Friday, November 21, 2008

No Blues in the Porterhouse

On our trip to Ireland last weekend, there was only one thing which was an absolute must as far as I was concerned, visiting one of the Porterhouse brewpubs whilst in Dublin on the Friday. I had heard much about their Oyster Stout and Wrasslers XXXX, and was hoping that they still had some of the their seasonally brewed Alt. Coming into Dublin on the bus from Westmeath took about an hour through some lovely countryside and past a plethora of houses that if I had the money I would buy at the drop of a hat. My first impressions of the city were that it reminded me a several other places that I like, in particular Limoges and Glasgow.

Having strolled around the centre for a few hours I suggested that we find somewhere to sit down and have a coffee or similar - admittedly I only made this suggestion once I had spied the Porterhouse Central. The pub put me in mind of the classic image of a New York bar, dark with a long bar, I liked it, and so headed to the bar to get some sustenance in the form of a pint of Alt, which was still on tap much to my delight, and it was a nice example of the style, perhaps a little thin in the body but it had the right combination of malty sweetness and refreshing drinkability.
The one I was most looking forward though was the Oyster Stout, and as I said to Beer Nut on Monday, I was a little disappointed. I had heard so many good things about this beer and so was expecting great things. It is isn't bad by any stretch of the imagination, it is just that perhaps I had stretched my imagination too far and even ambrosia wouldn't have lived up to its reputation. What it is though is a nicely dark and flavourful stout.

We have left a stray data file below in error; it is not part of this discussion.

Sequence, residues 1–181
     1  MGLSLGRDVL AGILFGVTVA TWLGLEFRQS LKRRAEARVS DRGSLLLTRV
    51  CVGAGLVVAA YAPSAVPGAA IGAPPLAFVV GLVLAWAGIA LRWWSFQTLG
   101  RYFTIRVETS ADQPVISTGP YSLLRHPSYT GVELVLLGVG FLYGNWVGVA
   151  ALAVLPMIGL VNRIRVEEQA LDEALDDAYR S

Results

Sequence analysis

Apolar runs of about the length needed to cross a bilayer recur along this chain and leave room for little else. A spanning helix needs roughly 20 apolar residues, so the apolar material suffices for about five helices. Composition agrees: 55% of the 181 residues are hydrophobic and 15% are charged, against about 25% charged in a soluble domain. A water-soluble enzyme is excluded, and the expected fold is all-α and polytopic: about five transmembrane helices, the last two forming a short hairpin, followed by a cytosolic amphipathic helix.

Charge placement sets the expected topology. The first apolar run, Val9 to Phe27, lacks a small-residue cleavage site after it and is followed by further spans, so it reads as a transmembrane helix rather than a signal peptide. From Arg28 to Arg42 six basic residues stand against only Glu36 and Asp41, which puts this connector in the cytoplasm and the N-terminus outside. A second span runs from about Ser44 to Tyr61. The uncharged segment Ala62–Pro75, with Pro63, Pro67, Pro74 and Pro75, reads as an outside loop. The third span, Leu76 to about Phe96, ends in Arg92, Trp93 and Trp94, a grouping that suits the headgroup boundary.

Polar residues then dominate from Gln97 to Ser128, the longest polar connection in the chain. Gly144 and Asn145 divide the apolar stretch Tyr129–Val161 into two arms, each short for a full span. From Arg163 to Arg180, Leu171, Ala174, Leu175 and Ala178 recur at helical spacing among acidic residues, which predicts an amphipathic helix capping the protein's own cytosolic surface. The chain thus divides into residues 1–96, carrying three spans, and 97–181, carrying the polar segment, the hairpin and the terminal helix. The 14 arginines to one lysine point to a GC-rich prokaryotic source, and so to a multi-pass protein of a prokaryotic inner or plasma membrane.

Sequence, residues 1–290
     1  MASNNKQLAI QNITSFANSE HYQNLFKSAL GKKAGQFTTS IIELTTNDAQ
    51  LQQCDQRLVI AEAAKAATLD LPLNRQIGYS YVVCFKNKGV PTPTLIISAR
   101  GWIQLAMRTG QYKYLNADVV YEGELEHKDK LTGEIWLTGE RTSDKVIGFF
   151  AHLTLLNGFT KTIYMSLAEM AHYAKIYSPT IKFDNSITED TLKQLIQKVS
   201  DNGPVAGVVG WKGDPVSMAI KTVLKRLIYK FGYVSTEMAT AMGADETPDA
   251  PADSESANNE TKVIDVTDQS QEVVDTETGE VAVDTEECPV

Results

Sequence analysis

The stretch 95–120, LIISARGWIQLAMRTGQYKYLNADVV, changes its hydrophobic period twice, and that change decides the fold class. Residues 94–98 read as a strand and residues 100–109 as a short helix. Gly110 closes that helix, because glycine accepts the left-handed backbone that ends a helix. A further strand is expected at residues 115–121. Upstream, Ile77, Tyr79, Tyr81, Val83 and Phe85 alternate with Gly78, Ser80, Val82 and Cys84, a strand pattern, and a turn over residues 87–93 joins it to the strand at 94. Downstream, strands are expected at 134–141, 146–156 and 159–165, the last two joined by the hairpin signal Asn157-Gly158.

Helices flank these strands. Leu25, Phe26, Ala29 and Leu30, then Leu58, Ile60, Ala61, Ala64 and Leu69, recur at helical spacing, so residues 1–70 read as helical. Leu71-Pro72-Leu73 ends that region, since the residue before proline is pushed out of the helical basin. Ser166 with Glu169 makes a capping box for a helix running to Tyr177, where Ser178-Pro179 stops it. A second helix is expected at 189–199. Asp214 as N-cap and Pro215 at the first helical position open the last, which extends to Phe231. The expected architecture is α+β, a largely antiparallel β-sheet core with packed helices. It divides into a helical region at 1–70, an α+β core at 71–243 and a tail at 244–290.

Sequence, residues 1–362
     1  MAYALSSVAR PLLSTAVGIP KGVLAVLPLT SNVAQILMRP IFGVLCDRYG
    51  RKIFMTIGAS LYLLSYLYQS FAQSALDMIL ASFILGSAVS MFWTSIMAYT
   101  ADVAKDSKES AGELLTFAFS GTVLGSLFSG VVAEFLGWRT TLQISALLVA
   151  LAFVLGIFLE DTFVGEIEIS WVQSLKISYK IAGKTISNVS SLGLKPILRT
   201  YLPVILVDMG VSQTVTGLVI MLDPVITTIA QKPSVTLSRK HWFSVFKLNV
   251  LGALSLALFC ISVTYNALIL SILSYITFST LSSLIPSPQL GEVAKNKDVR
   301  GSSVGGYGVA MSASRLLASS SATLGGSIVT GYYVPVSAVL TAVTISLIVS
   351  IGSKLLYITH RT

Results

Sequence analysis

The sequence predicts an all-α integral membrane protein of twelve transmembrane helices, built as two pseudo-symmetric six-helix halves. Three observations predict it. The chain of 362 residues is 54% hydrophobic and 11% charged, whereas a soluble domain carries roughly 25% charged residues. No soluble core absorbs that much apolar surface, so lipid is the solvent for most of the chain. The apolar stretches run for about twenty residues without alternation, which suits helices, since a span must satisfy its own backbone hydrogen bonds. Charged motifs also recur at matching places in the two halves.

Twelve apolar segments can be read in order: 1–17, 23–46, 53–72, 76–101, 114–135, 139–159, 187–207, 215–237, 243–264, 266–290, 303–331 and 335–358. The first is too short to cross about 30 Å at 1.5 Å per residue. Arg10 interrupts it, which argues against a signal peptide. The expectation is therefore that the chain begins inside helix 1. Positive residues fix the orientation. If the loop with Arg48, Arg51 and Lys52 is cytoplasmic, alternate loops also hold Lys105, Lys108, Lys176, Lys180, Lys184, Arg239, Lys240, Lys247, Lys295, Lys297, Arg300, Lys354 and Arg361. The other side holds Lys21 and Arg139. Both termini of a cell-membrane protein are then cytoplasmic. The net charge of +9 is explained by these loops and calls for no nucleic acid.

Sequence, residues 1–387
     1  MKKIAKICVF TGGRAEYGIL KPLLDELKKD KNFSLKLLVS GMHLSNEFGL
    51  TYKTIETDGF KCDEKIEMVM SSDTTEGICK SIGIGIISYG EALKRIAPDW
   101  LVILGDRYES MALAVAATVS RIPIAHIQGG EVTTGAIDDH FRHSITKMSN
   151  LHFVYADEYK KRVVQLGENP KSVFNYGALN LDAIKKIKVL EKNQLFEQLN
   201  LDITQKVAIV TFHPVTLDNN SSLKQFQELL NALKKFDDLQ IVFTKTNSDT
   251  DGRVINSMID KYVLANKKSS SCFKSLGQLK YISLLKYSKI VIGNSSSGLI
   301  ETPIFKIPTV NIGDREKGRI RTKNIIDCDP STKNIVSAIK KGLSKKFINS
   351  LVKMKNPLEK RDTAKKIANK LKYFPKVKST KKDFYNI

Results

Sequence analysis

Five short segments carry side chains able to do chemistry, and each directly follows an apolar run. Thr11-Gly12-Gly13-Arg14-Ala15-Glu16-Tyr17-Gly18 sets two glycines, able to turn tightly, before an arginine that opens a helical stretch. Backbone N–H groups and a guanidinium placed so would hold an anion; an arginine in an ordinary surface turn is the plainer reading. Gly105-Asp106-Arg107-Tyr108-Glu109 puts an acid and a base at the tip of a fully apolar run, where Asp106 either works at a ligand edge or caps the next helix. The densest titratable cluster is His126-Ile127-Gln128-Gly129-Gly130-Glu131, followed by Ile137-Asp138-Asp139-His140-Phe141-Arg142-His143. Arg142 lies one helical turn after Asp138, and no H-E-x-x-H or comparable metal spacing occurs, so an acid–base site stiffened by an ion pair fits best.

No problems however though with the Wrasslers XXXX, which is a reproduction of an old time stout which was apparently the drink of choice of Michael Collins, and what great taste in beer he must have had. The aroma of hops and coffee were teasing my nose as I carried my pint back to the table, urging me to dive on in and enjoy. Enjoy it I most certainly did, full on roasted coffee and liquorice flavours, wonderfully dry and with a long finish. The Porterhouse website say that this was beer like your grandfather drank - makes me wish all the more I had known him in that case!
With about half an hour to go before meeting up with our host's husband to head back to Westmeath, I squeezed in a pint of Plain Porter. I was starting to wonder about porters, not being a big fan of the examples I had tried already, too much soy sauce in the nose and taste for my liking. Plain was a different beast altogether, easy drinking, with light roasted flavours and a slight touch of burnt toffee. Given more time I would have have been alternating between this and the Wrasslers.

One thing though which stands out in my memory was an old fella sat on the table next to us who ordered a whiskey and water, which came already mixed - a big no no. When the barman had gone, having ever so gently been put in his place, the old fella began to talk about how the job of a barman in the modern world has become so devalued - was interesting to sit and listen to his stories (bad habit of mine is earwigging!).

So that was our wonderful trip to Ireland, the fulfilment of a long held dream. Sláinte!

1 comment:

  1. Yeah, Oyster gets an inappropriate amount of good press, mostly because people think Irish stout isn't supposed to taste of much.

    Wrasslers is definitely where it's at, though Michael Collins would never have been drinking anything with a head like that on it, nor your grandfather when he was in the pub prior to 1960.

    I honestly don't think Plain counts, technically, as a porter. I think they just wanted to give their basic stout an old-fashioned name.


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